Once the Virtual Table is displayed 110, the user has complete uninterrupted use of the Virtual Table. The user is free to read from or write to the Virtual Table without interfering with other users and without interference from other users. All alterations are first made to displayed data and then, if data integrity would not be affected, transferred to the Master Table. Alterations made to the Master Table by a user are reflected in the user's Virtual Table. However, a user's Virtual Table is not updated as the result of another user altering the Master Table until the time-date stamp for the row of the Master Table intended for alteration does not match the time-date stamp for the corresponding row in the updating user's Virtual Table. If the time-date stamps match then the time-date stamp is updated in both rows and the alterations are then transferred from the displayed data to the Master Table row and the updating user's Virtual Table. Otherwise, the updating user is notified that the row has been altered; the row is updated in the user's Virtual Table, and the user is allowed to alter the updated row. See FIG. 3 for a flow diagram of how the Master Table and the updating user's Virtual Table are updated.
When a user alters the displayed data 120, TIME checks to determine if the Master Table is locked 122. If the Master Table is locked, then TIME waits until the lock is released. Once the lock is released or, if the Master Table is not in use, then TIME opens the Master Table 124. Next, TIME selects the row in the Master Table which contains the altered data 126. The time-date stamp for the selected row is compared against the time-date stamp for the corresponding row in the user's Virtual Table 128. If the two time-date stamps match, then the selected row has not been altered since the user last copied it, i.e. the user's Virtual Table copy of the row was current and correct. If the time-date stamps match, then TIME alters the selected Master Table row with the changes from the altered display data, modifies the Master Table row's time-date stamp, and closes the Master Table 130. After closing the Master Table 130, TIME modifies the corresponding row in the user's Virtual Table to accurately reflect the updated row in the Master Table 134 and displays the updated Virtual Table 136.
However, if, TIME compares the two time-date stamps 128, and they do not match, then another prior user had already altered the selected Master Table row and the corresponding Virtual Table row is stale. The data integrity problems described above would occur by allowing a user to update a Master Table row while ignoring updates to the same row by a prior user. So, if the time/date stamps do not match 128 TIME sends the updating user an error message 132 which indicates that another user had modified some of the data in the selected row. Instead of updating the Master Table row 130, the Master Table row is copied into the Virtual Table 134 and the corrected Virtual Table is displayed 136. The error message 132 also notifies the user that the row was not updated with the user's intended alterations. If the user still wishes to alter the row, then the user must re-alter the corrected row and update the Master Table as provided above.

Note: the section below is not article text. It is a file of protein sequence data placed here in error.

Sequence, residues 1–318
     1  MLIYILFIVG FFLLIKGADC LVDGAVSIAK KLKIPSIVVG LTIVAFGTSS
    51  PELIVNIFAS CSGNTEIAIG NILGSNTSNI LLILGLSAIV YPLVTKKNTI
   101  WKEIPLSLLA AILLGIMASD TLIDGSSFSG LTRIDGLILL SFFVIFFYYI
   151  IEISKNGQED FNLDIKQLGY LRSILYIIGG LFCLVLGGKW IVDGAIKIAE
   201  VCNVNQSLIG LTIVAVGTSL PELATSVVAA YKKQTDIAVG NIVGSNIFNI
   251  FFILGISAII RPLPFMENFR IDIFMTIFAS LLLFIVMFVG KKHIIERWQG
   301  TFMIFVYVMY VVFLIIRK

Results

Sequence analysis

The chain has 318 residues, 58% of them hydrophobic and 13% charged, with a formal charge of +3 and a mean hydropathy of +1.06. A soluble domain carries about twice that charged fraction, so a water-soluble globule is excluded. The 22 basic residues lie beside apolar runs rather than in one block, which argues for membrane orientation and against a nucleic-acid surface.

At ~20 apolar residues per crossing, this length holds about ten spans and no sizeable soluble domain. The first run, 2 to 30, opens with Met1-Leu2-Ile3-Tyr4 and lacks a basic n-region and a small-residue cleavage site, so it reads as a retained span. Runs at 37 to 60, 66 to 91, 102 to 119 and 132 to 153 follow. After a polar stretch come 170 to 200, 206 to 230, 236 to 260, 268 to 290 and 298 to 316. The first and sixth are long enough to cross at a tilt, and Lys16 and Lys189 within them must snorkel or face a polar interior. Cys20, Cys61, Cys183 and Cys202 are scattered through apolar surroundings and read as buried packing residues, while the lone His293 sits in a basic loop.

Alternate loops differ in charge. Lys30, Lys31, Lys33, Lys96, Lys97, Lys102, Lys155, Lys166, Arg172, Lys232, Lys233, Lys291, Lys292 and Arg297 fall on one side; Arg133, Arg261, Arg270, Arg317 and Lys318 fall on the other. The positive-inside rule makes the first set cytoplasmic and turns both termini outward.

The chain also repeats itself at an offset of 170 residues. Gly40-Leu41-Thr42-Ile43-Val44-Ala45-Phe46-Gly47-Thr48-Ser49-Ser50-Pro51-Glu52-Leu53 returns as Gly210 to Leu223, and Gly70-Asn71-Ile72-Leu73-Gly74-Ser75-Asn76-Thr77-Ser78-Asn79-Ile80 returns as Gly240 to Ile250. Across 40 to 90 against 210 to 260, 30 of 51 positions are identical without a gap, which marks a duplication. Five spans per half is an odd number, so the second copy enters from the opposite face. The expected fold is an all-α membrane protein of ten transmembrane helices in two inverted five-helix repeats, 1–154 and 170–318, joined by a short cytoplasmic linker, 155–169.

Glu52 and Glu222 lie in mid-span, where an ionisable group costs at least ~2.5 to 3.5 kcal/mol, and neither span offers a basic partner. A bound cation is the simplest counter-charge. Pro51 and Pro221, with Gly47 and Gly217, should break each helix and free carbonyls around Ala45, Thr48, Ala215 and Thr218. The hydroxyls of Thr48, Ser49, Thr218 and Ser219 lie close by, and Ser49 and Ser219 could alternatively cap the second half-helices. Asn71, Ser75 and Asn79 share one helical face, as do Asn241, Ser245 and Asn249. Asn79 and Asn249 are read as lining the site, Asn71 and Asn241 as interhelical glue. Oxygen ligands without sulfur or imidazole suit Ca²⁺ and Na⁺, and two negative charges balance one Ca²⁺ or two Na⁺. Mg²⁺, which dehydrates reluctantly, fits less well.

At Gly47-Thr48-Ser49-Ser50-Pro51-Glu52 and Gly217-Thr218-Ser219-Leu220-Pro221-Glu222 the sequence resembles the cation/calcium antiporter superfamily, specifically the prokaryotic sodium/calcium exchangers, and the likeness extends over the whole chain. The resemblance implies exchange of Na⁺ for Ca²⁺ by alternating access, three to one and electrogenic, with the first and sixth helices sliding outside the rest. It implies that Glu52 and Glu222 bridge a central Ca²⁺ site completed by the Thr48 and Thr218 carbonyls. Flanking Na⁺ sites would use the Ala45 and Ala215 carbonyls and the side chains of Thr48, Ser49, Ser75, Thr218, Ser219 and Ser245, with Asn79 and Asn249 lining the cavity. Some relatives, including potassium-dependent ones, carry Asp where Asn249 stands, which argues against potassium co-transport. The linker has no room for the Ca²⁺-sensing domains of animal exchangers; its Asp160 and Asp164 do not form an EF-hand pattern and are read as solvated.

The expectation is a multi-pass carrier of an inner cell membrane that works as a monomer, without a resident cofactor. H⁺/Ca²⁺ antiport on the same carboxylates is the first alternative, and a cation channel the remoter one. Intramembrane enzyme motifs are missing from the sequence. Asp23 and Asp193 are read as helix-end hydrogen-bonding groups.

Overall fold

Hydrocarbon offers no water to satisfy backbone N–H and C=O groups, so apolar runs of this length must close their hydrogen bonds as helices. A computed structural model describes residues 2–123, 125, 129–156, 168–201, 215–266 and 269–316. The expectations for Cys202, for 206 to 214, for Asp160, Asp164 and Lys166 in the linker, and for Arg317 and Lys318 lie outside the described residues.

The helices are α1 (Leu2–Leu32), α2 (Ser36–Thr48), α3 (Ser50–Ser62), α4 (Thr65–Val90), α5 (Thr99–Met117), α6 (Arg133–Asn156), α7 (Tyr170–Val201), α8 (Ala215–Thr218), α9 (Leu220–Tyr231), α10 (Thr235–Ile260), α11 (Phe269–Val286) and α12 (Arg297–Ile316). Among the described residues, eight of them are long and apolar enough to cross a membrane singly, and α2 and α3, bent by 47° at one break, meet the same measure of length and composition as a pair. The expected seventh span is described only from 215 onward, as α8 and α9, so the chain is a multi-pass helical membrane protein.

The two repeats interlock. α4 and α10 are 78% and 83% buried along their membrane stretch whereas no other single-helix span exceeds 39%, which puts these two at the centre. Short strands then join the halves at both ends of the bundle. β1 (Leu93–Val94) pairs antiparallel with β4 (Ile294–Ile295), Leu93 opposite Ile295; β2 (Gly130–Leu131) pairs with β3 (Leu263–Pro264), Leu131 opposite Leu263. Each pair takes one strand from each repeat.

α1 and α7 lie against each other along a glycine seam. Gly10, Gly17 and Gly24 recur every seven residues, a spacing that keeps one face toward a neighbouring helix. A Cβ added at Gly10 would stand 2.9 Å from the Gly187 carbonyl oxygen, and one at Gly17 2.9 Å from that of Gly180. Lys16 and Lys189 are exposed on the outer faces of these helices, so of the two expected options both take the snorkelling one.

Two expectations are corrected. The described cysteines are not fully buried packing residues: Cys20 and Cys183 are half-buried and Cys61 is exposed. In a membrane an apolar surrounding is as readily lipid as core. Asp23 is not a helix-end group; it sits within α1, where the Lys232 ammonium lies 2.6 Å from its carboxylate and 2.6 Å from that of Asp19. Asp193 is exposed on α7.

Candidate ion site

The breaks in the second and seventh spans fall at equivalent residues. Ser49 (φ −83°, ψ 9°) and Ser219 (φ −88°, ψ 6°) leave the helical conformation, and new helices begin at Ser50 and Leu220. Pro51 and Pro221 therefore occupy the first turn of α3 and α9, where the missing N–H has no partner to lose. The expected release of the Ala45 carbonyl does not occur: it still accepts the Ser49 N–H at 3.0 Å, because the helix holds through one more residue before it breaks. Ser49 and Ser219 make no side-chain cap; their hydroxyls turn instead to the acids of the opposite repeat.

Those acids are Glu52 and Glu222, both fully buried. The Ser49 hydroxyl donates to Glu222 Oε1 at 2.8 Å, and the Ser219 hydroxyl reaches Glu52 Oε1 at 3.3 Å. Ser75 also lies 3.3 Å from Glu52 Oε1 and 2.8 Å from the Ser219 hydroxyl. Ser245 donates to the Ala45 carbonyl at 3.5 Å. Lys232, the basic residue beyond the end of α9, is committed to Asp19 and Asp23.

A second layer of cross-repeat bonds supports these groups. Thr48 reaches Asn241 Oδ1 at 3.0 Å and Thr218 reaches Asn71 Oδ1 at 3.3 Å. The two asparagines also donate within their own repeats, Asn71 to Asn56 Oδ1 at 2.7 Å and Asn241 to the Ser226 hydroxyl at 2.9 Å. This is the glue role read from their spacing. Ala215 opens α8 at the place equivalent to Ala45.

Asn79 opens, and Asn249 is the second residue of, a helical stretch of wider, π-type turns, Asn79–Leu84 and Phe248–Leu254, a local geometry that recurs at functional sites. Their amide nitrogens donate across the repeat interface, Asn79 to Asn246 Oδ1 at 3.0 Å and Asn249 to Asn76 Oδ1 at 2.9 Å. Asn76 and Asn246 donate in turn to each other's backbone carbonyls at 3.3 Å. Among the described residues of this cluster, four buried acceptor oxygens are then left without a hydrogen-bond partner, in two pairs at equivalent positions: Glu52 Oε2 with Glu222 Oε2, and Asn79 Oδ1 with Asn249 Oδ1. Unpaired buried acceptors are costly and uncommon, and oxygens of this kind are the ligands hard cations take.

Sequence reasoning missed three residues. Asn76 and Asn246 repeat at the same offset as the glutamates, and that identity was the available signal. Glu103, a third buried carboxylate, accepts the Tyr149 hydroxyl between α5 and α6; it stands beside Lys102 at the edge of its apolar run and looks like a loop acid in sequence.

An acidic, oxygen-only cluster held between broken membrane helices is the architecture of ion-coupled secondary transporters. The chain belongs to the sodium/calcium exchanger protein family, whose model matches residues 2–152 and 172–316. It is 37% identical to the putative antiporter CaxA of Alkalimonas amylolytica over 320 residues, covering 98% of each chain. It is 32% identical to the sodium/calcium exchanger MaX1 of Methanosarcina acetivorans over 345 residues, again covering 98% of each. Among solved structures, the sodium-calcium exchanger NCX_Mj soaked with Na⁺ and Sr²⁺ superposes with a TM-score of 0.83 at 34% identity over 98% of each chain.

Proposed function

Thus the TIME system reduces wasted computer resources and time by supplying each user with an individual copy of a Table which is updated only if the update affects the user and only for the portion of the Table affecting the user.
Although the preferred embodiment of the present invention is herein described, variations and modifications thereof will occur to those skilled in the art. Therefore, it is intended that the appended claims shall be construed to include the preferred embodiment and all such variations and modifications in form and detail that fall within the spirit and scope of the invention.
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|U.S. Classification||1/1, 707/E17.007, 710/200, 707/999.008, 707/999.201, 716/102|
|International Classification||G06F17/30, G06F12/00, G06F17/50|
|Cooperative Classification||Y10S707/99938, Y10S707/99952, G06F17/50, G06F17/30362|
|European Classification||G06F17/30C, G06F17/50|
|Aug 16, 1991||AS||Assignment|
Owner name: INTERNATIONAL BUSINESS MACHINES CORPORATION A COR
Free format text: ASSIGNMENT OF ASSIGNORS INTEREST.;ASSIGNORS:CHAMPAGNE, STEVEN R.;NAGELHOUT, GARY J.;ZYCH, PEGGY C.;REEL/FRAME:005813/0790
Effective date: 19910816
|Nov 12, 1997||FPAY||Fee payment|
Year of fee payment: 4
|Dec 14, 2001||FPAY||Fee payment|
Year of fee payment: 8
|Feb 8, 2006||REMI||Maintenance fee reminder mailed|
|Jul 26, 2006||LAPS||Lapse for failure to pay maintenance fees|
|Sep 19, 2006||FP||Expired due to failure to pay maintenance fee|
Effective date: 20060726